NEWS AND NOTES. [Newspaper Article] — The Dawn — 5 November 1889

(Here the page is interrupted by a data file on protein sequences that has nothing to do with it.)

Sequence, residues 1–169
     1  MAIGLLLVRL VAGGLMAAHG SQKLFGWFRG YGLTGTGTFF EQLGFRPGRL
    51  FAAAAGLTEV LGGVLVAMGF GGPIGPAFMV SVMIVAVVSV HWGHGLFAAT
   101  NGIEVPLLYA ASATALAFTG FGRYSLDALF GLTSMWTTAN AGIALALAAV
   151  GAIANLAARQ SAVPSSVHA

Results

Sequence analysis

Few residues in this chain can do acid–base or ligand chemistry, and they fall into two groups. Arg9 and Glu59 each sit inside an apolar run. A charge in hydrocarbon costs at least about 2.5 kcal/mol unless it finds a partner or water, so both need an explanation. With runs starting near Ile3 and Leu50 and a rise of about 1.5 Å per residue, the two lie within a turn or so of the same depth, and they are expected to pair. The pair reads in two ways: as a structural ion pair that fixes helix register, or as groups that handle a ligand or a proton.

THE Queen of Portugal is ¡in expert .swimmer, and lias been llecorated several times for her bravery in saving human lives. Two HUNoiiiíD women are employed by Mr. Edison on the more delicate portions of his machines. THE CHRONICLE publishes this week an en couraging letter from Mrs. Josephine K. Henry editor of the women's department of the South ern Journal, of Versailles,'Ky. Tin-; London Queen says the proposed mem orial tu ilie Dowager Lady Kinnaird, is io be a hospital for women in Lucknow, officered by women doctors. THE Journeyman Tailors' Union, lioston at its recent biennial convention, changed its constitution so as to make women eligible to membership at the oduon of the local unions. WOMEN are winm/ig the prizes in co-educa tional colleges m w uiduy cases that men are beginning lo look anxiously to their laurels. Most of the religious, journals favour the open ing of Hartford Theological Seminary to women. Miss M. P. ELLIS, Type-writer, gave a demonstration ot her power...